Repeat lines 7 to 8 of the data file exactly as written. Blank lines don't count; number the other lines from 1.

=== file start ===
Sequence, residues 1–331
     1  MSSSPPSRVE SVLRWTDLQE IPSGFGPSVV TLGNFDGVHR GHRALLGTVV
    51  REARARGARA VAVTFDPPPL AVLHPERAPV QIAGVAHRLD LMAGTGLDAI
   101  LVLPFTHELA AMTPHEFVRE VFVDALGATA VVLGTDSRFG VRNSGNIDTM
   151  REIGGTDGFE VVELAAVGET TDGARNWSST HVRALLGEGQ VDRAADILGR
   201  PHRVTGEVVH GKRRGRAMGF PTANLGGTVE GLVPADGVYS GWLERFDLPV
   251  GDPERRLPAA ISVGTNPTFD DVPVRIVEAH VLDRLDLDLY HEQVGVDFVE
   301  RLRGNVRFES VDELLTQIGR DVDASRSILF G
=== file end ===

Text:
   251  GDPERRLPAA ISVGTNPTFD DVPVRIVEAH VLDRLDLDLY HEQVGVDFVE
   301  RLRGNVRFES VDELLTQIGR DVDASRSILF G